(129b) Surface Plasmon Resonance Protein Binding Studies On Reactive Vapor Deposition Coatings

Ross, A. M., University of Michigan
Zhang, D., Washington University in St. Louis
Chang, S. L., University of Michigan, Ann Arbor
Lahann, J., University of Michigan
Xiaopei, D., University of Michigan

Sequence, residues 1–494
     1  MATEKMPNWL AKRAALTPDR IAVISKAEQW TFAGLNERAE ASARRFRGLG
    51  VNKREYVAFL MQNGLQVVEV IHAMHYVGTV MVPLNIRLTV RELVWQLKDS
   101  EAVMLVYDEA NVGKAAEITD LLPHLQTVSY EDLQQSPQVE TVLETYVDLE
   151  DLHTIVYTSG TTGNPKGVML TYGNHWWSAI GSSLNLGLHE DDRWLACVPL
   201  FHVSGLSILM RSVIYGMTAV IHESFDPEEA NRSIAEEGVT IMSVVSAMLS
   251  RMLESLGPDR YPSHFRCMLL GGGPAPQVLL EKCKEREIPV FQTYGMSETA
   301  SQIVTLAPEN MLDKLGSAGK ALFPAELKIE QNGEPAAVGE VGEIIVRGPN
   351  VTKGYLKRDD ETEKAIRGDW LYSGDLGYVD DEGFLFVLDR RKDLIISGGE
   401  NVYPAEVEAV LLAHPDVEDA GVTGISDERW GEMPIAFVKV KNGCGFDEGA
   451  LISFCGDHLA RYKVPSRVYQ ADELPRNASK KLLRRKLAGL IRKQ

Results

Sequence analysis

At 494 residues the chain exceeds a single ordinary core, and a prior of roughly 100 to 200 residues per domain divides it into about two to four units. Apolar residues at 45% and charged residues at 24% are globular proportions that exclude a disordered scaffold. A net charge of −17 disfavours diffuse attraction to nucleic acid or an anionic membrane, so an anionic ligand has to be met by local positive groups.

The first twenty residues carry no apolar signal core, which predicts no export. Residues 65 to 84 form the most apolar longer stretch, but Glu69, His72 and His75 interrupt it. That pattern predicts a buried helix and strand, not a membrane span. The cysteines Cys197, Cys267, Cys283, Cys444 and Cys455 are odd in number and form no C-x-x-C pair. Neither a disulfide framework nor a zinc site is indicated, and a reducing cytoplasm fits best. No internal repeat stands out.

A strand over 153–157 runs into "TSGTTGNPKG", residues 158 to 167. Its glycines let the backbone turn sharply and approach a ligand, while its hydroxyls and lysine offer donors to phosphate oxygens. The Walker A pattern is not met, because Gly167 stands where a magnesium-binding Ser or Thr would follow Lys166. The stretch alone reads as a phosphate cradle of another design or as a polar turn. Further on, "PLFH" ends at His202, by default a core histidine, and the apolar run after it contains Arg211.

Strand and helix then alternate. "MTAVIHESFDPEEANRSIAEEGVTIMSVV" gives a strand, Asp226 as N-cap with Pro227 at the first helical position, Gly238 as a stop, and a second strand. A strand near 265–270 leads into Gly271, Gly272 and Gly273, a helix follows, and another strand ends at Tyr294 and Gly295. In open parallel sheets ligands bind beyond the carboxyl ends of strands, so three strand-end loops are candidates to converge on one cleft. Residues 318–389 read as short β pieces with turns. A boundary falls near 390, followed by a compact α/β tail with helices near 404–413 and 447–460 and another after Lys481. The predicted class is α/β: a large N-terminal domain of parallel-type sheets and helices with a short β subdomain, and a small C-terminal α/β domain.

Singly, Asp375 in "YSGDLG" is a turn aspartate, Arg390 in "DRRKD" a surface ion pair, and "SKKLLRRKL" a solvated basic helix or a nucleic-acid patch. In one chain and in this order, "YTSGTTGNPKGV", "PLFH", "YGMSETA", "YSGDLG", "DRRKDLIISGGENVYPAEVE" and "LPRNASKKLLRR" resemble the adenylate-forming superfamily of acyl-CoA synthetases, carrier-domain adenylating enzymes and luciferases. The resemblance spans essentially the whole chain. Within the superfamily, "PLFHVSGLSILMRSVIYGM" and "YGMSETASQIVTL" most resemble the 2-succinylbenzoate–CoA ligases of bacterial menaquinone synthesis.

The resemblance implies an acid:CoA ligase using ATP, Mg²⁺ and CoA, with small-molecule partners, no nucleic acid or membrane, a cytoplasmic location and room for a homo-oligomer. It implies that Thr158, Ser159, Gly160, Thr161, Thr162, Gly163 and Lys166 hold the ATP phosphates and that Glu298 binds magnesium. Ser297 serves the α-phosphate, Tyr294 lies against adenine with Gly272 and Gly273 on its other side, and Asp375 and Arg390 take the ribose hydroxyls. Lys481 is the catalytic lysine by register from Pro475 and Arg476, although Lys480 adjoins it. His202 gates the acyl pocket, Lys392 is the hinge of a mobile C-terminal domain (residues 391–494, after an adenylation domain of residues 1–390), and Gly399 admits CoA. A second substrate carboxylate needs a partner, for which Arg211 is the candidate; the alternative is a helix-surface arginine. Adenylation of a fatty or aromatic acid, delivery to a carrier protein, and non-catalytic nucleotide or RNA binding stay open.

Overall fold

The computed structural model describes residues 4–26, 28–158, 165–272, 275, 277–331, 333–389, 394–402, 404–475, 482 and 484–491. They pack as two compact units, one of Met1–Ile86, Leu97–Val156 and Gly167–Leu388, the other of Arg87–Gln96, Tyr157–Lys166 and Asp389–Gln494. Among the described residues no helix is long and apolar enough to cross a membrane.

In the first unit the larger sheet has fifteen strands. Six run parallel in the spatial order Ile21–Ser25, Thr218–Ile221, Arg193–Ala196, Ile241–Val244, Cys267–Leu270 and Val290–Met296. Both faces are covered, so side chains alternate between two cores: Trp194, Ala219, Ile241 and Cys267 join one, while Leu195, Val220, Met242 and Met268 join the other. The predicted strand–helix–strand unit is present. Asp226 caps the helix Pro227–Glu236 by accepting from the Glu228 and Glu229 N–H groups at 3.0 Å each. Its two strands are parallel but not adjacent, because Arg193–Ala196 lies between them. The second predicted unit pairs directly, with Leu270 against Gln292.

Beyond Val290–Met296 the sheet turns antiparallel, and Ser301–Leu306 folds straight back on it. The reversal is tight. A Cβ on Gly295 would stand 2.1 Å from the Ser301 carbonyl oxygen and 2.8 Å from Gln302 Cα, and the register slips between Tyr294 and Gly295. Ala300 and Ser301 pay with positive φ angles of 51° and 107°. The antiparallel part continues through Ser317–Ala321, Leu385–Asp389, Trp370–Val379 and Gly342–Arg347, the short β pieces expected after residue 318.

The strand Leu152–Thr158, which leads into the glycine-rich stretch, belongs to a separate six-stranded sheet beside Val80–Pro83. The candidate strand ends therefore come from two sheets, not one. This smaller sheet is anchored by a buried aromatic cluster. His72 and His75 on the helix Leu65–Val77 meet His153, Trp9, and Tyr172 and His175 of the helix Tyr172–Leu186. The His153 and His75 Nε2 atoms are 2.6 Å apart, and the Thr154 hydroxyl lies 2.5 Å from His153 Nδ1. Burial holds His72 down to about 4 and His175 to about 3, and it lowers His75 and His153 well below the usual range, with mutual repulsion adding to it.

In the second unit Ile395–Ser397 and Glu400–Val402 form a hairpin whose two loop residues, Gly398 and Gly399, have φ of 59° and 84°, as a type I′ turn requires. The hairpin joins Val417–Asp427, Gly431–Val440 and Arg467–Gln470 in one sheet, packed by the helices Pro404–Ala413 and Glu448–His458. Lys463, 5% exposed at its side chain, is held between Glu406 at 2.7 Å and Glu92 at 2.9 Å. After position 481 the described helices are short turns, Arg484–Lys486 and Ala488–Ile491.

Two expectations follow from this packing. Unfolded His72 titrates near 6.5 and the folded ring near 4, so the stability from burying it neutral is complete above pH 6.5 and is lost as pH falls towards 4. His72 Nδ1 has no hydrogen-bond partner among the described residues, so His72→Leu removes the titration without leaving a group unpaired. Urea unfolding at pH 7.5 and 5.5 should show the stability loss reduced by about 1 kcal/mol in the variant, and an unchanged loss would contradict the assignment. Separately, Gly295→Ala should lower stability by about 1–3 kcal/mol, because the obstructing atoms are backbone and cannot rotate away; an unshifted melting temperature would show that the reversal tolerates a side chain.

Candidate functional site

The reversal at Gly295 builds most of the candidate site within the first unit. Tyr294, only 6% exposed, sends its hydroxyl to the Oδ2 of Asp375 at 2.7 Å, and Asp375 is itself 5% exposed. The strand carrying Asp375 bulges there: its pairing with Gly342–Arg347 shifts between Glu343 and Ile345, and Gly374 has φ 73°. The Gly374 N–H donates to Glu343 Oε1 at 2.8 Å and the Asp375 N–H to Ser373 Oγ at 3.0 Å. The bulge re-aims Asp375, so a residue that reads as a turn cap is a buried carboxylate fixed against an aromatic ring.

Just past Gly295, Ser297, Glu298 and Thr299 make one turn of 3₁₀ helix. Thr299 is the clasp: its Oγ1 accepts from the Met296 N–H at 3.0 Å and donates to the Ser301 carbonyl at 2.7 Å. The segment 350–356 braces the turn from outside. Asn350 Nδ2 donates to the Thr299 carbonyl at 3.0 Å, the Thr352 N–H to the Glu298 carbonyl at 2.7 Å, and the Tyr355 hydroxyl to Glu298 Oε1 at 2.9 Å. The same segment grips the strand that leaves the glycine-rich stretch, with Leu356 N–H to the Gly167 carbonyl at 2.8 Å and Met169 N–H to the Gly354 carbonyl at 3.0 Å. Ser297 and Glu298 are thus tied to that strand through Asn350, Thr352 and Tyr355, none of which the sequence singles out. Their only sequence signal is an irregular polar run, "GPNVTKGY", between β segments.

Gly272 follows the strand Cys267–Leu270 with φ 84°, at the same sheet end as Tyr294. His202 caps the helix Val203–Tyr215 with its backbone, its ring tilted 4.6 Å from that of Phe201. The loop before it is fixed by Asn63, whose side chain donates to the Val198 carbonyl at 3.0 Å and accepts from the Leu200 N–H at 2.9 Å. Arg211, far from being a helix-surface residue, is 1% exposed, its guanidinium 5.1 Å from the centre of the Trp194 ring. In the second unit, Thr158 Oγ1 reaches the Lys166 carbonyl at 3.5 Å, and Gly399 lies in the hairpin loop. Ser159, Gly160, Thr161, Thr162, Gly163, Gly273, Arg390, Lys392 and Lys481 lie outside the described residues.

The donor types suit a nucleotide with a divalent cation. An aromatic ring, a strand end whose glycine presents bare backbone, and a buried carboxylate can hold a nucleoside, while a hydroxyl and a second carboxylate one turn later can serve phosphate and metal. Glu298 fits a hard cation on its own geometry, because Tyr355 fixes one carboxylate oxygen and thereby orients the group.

Biomolecular interactions with synthetic surfaces are important in diverse biomedical fields including medical device implants, microfluidic sensors, marine fouling, and tissue engineering. In the past, chemical vapor deposition (CVD) polymerization has been used to fabricate thin polymer films with robust mechanical and physical properties. Functional groups on CVD coatings serve as anchors for the immobilization of biomolecules and thus the affinity of surfaces for various proteins, antibodies, or antigens can be modulated. As a result, CVD films are well suited for use as protein/antigen-antibody sensors or in controlling the cellular microenvironment for microfluidic cell culture. However, for many of applications, it would be beneficial to understand kinetics, or time based interactions, of CVD surfaces with biomolecules as well as the extent of these interactions. Therefore a cascade of surface modifications on CVD coatings was explored using a microfluidic technique known as surface plasmon resonance (SPR). CVD films are well suited for SPR studies because in addition to their biofunctionality, they are easily attached to gold which serves as a substrate for SPR assays. In this work, we exploit protein-surface interactions in order to demonstrate the feasibility of thin film CVD surfaces, in particular a functionalized [2.2]paracyclophanes (PPXCOC2F5), as a spatially-resolved sensing array for SPR studies. Additional analysis techniques include Fourier transform infrared spectroscopy (FTIR), electrical impedance spectroscopy (EIS), imaging ellipsometry, and fluorescence microscopy. FTIR confirmed the presence of the thin film and EIS indicated that CVD films were pin hole free. Results from imaging ellipsometry verified that films of varying thickness were created which then allowed the impact of film thickness on protein sensing to be assessed. SPR and fluorescence microscopy findings demonstrated that CVD films acted as antigen-antibody sensors and that SPR sensitivity is impacted by increasing film thickness. Potential applications of this sensing scheme include preclinical screening of drugs/pharmaceuticals.